25 Jun 2019

RATIONAL SUICIDE: Seniors want to call it quits on own schedule

(Caitlin Hillyard/KHN) By Melissa Bailey Ten residents slipped away from their retirement community one Sunday afternoon for a covert meeting in a grocery store cafe. They aimed to answer a taboo question: When they feel they have lived long enough, how can they carry out their own swift and peaceful

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12 Jun 2019

NEVER SAY DIE: WHY MOST DOCTORS WON’T BREAK BAD NEWS

  By JoNel Aleccia After nearly 40 years as an internist, Portland, Oregon physician Ron Naito knew what the sky-high results of his blood test meant. And it wasn’t good. But when he turned to his doctors last summer to confirm the dire diagnosis — stage 4 pancreatic cancer —

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09 May 2019

3D printing innovation allows scientists to create vascular network

  By Jade Boyd Bioengineers have cleared a major hurdle on the path to 3D printing replacement organs with a breakthrough technique for bioprinting tissues. The new innovation allows scientists to create exquisitely entangled vascular networks that mimic the body’s natural passageways for blood, air, lymph and other vital fluids.

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01 May 2019

DIABETIC AMPUTATIONS: A ‘SHAMEFUL METRIC’ OF INADEQUATE CARE

By Anna Gorman On his regular rounds at the University of Southern California’s Keck Hospital, David Armstrong, MD, lives a brutal injustice of American healthcare. Each week, dozens of patients with diabetes come to him with deep wounds, severe infections and poor circulation — debilitating complications of a disease that

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24 Apr 2019

CHRONIC PAIN PATIENTS PUNISHED FOR OPIOID ABUSE BY DOCTORS, PHARMACIES, PAIN CLINICS; GOVERNMENT OVER REACTS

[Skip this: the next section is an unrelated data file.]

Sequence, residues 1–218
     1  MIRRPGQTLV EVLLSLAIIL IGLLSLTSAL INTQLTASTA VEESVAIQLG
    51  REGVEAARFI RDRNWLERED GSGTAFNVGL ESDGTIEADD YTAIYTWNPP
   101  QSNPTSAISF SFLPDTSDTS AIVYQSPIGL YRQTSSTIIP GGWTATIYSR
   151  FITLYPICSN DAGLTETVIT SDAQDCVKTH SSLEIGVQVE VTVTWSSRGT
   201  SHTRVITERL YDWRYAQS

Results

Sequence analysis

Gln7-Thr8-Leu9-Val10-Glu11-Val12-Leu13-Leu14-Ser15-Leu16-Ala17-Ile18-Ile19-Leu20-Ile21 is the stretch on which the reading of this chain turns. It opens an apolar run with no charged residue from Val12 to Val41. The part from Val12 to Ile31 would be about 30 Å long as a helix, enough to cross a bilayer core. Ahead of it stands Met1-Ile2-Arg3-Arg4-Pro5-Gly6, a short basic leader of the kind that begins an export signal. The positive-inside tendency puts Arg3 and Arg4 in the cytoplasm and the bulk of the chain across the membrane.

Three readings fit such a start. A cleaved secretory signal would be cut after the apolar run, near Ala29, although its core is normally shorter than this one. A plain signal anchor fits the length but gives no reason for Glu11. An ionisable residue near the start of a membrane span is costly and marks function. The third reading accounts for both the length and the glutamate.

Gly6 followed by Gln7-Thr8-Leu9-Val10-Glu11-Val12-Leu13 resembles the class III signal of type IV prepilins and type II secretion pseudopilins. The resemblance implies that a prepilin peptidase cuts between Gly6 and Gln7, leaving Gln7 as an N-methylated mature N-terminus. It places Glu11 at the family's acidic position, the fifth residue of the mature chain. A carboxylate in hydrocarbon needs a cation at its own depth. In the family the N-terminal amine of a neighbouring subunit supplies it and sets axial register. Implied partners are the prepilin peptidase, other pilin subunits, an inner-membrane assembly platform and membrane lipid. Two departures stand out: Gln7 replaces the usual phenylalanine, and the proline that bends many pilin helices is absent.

By Blake Farmer Nashville Public Radio A pharmacist in Celina, Tenn., was one of 60 people indicted on charges of opioid-related crimes in April  in a multistate sting. John Polston was charged with 21 counts of filling medically unnecessary narcotic prescriptions. He was also Gail Gray’s pharmacist and the person she relied

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10 Apr 2019

LETHAL PLANS: When seniors turn to suicide in long-term care

      By Melissa Bailey and JoNel Aleccia When Larry Anders moved into the Bay at Burlington nursing home in late 2017, he wasn’t supposed to be there long. At 77, the stoic Wisconsin machinist had just endured the death of his wife of 51 years and a grim new diagnosis: throat

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28 Mar 2019

A NEW RF SYSTEM: VENCLOSE 2ND GENERATION RADIOFREQUENCY TECHNOLOGY OUTPERFORMS LEGACY SYSTEM

    By Larry Storer The great medical technology companies of our time start and develop in a variety of ways. Some start with a product or idea and built a market around it. Some start as spinoffs from existing successful companies. But Venclose started by determining the unmet needs

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28 Mar 2019

Virtual reality immerses physicians in AVLS education offerings

By Ron Seybold The American Vein and Lymphatic Society is launching a new project to use immersive virtual reality (VR) technology for its educational courses. The educational an array of venous medicine techniques. VR has started to make it possible to gain a better view than ever of fundamental and cutting-edge

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28 Mar 2019

DU STUDIES ILIOCAVAL STENT

DU STUDIES ILIOCAVAL STENT Duplex Ultrasound improves treatment of femoro-iliocaval occlusive venous disease   By Jan M. Sloves, RVT and Jose I Almeida, MD   The last two decades have witnessed a great increase in stent treatment for femoro-iliocaval occlusive venous disease. We know from previous reports that the major

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14 Mar 2019

STAINING MAY OCCUR AFTER SCLEROTHERAPY

    By Ronald F. Bush, MD, FACS and Peggy Bush, APRN Staining (hemosiderin deposition) after sclerotherapy is not infrequent. Staining results from trapped blood that occurs after sclerotherapy injections or red cell extravasation. All vessels will clot to some degree unless methods are taken to minimize clotting at the

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